“Dr. Love” is ringing in the new year with more of the same.
Malachi Alexander Love-Robinson, 23, whose story Law&Crime has followed for several years, finds himself in even more legal trouble for allegedly defrauding his employer. The allegation is that he directed money meant for the company instead put in his personal account. Records show he was booked into the Palm Beach County jail on Thursday night.
Love-Robinson is best known as the teenager who was charged in Florida for presenting himself as a real medical doctor. While that case was pending, he was accused of trying to cheat an older woman into buying him a Jaguar in Virginia.
Though he initially fought the claims–he once stormed out of a Good Morning America interview under point-blank questioning–the cases did not go his way.
Records show the defendant pleaded guilty in Virginia to a count each of making a false statement to obtain credit, and uttering (a kind of forgery charge). The judge suspended 9 years of a 10-year sentence, but the doctor-related case was waiting for him in Florida, where he pleaded guilty. He was sentenced to three years and six months in prison for charges including grand theft, fraud-related counts, and practicing medicine without a license. The defendant was ultimately released in September 23, 2019.
The new allegation fits the fraud-based pattern of Love-Robinson’s court history. Indeed, the claim surfaced mere months after he stepped out of custody in Florida, according to details described in an arrest affidavit obtained by Law&Crime.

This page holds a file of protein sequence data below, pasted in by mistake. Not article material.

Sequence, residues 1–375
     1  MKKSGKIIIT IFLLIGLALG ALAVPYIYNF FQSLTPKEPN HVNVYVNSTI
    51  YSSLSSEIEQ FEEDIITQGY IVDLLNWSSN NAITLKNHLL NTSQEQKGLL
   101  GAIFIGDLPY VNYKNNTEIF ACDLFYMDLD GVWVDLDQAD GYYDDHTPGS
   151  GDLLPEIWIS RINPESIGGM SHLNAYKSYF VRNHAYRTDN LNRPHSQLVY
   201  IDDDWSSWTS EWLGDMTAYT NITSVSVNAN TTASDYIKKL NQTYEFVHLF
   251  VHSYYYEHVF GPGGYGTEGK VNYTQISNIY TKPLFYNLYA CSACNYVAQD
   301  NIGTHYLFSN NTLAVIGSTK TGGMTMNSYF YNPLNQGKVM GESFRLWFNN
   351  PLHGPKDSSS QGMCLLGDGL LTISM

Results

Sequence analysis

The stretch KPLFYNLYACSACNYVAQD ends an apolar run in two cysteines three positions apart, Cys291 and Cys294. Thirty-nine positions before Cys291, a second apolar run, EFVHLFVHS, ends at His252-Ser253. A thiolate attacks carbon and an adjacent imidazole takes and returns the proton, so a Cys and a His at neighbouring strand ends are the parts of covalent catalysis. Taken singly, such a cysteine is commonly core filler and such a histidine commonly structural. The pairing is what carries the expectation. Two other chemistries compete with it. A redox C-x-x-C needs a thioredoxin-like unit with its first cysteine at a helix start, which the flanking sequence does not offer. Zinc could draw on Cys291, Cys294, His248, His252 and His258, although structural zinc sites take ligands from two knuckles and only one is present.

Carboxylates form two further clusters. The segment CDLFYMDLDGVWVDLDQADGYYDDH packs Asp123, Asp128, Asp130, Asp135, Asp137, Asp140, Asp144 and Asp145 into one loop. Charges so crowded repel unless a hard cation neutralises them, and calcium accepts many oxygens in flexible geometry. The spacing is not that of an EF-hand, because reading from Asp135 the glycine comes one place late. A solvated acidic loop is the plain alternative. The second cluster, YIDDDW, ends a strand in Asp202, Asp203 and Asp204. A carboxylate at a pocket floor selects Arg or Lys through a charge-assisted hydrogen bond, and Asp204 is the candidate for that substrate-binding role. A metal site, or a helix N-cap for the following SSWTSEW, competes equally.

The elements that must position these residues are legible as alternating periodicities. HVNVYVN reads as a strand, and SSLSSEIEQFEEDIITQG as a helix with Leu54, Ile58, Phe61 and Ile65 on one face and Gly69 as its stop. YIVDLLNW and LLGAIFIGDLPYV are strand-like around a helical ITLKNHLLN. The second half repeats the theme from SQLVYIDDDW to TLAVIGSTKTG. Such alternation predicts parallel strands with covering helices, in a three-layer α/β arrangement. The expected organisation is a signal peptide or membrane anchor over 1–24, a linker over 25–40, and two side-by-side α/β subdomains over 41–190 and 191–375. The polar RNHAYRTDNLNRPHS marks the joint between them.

In this case, the owner of United States of Freight, a shipping broker, reported to Delray cops on March 6, 2020 that the defendant, a contracted employee, rerouted business payments to personal accounts, authorities said. Normally, customers pay the company directly, and the company then pays a commission to the representative who brokered the deal. Love-Robinson was described as a representative.
The defendant is accused of having a total of $9,430 rerouted to him from five customers. Amounts ranged from $105 up to $2,750, police said. Under his instruction, four customers sent money to Love-Robinson either through PayPay or Venmo, cops said. The defendant allegedly texted a fifth to send her payment to a business by the name of “National Logistics Division LLC,” officers said. Authorities claim this business name was registered to the defendant.
On top of that, Love-Robinson was paid a total of $699.81 in commissions for these jobs, cops said.
According to the affidavit, police said they had “negative results” in reaching Love-Robinson, but the complainant gave them screenshots of text messages in which the defendant wrote that he “fucked himself,” that he “can’t say how truly sorry” he was, that he is “doing everything [he] can to make it right,” and “I don’t want to go to jail.” Other communications allegedly asserted there were refunds sent to the company, but the owner said he did not get that money back.
Love-Robinson is charged with a count each of grand theft, and organized scheme to defraud less than $20,000. He bonded out of jail on $2,000. There is no attorney of record.
[Mugshot via Palm Beach County Jail]
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